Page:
, August 2006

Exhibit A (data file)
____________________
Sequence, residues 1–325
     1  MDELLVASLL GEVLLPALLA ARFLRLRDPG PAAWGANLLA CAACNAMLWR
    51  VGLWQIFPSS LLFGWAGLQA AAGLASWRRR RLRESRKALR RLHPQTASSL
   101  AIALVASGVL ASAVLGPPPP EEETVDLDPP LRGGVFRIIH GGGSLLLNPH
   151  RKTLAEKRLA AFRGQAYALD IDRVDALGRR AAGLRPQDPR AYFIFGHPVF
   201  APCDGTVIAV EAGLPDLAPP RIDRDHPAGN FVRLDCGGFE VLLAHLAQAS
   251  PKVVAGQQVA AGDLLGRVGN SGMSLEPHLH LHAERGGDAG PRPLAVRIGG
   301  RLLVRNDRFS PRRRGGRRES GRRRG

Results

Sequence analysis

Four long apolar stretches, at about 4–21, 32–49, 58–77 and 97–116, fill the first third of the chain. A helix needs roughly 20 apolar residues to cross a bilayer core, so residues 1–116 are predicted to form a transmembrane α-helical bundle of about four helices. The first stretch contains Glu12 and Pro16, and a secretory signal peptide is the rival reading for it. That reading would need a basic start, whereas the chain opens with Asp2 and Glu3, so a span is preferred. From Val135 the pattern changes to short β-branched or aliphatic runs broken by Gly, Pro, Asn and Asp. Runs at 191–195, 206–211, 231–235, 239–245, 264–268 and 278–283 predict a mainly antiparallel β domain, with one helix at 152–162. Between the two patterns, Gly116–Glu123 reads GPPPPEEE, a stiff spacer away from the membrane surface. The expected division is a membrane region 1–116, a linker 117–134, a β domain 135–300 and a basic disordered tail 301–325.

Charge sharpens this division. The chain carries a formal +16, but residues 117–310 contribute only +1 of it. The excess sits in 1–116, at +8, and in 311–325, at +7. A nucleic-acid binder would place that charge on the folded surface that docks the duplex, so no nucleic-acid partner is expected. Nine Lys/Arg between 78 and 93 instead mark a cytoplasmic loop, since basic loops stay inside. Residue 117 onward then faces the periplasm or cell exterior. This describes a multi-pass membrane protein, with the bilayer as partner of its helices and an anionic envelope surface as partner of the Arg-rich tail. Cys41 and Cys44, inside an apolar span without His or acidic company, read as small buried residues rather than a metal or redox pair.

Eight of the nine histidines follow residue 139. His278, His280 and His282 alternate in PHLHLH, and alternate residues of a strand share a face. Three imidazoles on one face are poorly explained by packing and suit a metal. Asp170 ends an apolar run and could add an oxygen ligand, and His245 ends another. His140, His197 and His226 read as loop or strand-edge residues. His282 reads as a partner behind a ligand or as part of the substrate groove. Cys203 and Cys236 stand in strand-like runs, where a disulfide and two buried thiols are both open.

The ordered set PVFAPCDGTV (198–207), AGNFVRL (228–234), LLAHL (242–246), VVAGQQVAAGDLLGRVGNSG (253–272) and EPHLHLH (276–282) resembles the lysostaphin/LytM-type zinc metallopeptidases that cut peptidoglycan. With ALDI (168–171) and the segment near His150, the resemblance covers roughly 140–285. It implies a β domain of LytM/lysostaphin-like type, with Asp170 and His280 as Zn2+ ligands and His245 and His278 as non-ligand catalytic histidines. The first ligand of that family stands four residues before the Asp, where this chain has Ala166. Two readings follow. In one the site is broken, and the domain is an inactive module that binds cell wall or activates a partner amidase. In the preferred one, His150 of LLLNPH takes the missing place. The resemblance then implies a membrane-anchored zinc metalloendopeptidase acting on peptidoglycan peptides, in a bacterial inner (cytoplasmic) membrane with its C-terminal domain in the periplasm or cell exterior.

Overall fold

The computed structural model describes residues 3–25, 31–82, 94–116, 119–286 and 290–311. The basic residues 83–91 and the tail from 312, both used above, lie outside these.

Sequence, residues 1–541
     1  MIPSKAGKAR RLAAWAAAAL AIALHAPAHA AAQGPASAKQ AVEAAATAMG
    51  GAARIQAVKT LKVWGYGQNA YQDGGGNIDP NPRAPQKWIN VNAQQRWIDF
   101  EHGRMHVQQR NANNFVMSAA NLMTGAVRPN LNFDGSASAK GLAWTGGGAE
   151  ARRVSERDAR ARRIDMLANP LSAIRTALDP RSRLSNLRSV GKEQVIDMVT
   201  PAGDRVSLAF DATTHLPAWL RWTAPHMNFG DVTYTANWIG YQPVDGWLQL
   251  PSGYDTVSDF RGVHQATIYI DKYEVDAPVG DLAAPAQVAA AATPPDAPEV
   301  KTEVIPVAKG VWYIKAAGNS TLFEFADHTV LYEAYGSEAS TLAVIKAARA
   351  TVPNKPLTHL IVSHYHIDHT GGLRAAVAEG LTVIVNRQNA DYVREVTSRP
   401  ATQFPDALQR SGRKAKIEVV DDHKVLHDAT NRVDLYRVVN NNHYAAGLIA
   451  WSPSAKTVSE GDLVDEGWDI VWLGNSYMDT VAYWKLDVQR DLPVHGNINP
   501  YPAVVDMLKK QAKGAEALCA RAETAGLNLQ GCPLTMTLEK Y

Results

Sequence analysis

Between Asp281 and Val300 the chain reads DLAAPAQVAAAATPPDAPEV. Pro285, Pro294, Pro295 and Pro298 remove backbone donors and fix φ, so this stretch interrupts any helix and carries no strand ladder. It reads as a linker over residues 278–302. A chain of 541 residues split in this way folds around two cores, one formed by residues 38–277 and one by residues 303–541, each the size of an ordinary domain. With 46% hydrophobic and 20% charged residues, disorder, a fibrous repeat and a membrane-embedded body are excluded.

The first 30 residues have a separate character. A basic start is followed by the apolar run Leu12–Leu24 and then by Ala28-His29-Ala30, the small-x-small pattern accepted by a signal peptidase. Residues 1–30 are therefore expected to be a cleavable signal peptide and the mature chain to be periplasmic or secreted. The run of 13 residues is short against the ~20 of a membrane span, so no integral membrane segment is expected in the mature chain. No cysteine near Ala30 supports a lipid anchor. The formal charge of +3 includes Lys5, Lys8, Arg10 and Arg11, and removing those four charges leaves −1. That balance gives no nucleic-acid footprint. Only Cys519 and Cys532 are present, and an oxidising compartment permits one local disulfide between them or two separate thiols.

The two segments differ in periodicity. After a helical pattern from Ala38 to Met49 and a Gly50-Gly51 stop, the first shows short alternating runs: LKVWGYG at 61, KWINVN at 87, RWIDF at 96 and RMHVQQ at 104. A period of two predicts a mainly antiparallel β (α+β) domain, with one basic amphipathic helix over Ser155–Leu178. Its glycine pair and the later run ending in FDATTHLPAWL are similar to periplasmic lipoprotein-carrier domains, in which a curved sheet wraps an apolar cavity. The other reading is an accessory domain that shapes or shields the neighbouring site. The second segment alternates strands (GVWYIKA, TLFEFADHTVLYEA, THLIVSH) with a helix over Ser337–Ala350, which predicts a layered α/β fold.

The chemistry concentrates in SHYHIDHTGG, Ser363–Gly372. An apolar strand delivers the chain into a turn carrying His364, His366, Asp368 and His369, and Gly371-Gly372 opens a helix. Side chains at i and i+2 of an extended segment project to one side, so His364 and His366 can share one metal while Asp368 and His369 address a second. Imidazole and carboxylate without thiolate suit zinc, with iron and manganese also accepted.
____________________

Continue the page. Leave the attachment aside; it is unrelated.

A veritable alphabet of Baroque symphonies by another of those part-time composers whose work always intrigues me. Even in those days it wasn't the easiest route to fame and fortune, and indicates the commitment the artistic temperament so often has to make to find its reward in a materialistic society. This seems particularly apposite to a man born into a family of minor nobility, whose life ended in illness and penury. Von Ordonez nevertheless left us much to give us listening pleasure, including the splendid Sinfonia in C featured here, and it's a sign of something, though I'm not sure what, that such pleasure can be felt so strongly centuries after it was written. The CD opens in delightful style, uplifting and exciting in the effervescent way that seemed to come so naturally to these early explorers in music. The familiar Baroque horns' and strings, woodwinds and trumpets, jiggle blithely around each other, then we have a chance to enjoy the stately composure of a restful adagio before ending with a development of the main thematic ideas. Each of the sinfonias here progresses to longer, and more musically ambitious, form, over its predecessor. This CD makes all the right noises but does suffer from a commonplace laziness, all the more unfortunate given the very simplicity of the material: it lacks the clean, pure edge, the hungry bite, that would show that we still really care about what composers like von Ordonez did for us, so long ago.